Category Archives: father’s

There is a Crisis of “Fatherless” Children in America; We Should Turn to St. Joseph for Help

IT MAKES SENSE TO ME 

By Larry Peterson

September 8 was the birthday of our heavenly mom, Mary. On her birthday I also always think of Mother Mary’s husband, St. Joseph.  Without him there would be no birthdays to celebrate, either on September 8 or December 25. When God chose Joseph of Nazareth to be the foster-father of His only Son, He certainly knew what He was doing.

I call St. Joseph the “Shadow Saint”. That is because so little is known about him. He never spoke a word that was recorded. He never wrote anything that was saved on parchment.  It does not matter. This young man, a “righteous Jew” true to the law, was confronted with being engaged to a woman pregnant with someone else’s child. The reality was a terrible thing for him to bear.

But Joseph, who was only about 19, was a man of faith and God was with him. The penalty for his betrothed could have been death by stoning. Joseph would have none of that. His Mary would not be harmed. He loved her. So he took her in and married her. The child she carried would be his.

St. Joseph’s example of selflessness is something that needs to be talked about with admiration, respect and pride. It might be used as a guide for so many who have, in this secular driven world, fathered children and then abandoned them.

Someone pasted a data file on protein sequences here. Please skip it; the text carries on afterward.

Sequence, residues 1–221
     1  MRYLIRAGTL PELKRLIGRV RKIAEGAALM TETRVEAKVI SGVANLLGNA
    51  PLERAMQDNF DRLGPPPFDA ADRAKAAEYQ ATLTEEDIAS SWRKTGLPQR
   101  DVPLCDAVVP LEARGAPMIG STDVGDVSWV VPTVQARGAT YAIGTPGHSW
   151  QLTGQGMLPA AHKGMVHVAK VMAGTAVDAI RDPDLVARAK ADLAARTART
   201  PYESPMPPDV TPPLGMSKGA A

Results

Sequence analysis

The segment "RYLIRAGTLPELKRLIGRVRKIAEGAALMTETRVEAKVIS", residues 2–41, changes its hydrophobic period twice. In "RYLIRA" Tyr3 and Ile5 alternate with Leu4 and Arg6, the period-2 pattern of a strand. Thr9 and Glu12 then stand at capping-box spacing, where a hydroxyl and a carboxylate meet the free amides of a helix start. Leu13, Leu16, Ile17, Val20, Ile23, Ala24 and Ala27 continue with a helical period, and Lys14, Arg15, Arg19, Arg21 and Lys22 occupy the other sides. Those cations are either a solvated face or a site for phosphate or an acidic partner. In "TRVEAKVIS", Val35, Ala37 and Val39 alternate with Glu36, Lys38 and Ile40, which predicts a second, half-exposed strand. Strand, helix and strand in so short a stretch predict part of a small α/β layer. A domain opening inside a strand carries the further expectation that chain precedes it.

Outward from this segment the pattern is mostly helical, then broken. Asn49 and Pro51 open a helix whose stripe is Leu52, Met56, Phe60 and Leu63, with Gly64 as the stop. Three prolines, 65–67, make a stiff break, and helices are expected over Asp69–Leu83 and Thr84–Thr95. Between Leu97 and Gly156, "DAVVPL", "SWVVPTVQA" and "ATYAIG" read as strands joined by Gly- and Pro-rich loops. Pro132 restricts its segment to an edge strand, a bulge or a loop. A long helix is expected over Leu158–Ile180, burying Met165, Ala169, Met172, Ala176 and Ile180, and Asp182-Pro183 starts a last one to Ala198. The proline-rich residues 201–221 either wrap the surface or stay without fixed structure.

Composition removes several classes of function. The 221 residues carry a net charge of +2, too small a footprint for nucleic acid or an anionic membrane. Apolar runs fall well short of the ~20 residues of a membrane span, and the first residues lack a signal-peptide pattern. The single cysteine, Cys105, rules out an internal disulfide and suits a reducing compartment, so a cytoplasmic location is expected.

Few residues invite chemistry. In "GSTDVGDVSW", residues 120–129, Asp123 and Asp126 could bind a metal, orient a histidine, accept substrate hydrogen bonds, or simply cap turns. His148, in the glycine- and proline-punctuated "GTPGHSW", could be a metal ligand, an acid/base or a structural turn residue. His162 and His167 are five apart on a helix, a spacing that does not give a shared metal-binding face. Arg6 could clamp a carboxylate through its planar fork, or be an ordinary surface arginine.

There is a crisis of “fatherless” children in America. Next to the disrespect and disregard for unborn life, this could be the most dangerous threat to our society. “Fatherlessness” is an ongoing tragedy that can find its roots planted when Roe vs. Wade was passed in 1973. When the destruction of human life was “legalized” the downward spiral of respect for life followed.


There is a “father factor”  involved in virtually all aspects of American life today. Yes, many homes still have fathers but many children live in homes with absentee fathers and the societal effects are felt all across the spectrum of American life.

Statistics show that in fatherless homes poverty is 4X  higher than average, teen pregnancy increases by a multiple of seven (7), abuse and neglect are much more widespread and drug use is more 

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prevalent. The list goes on and on.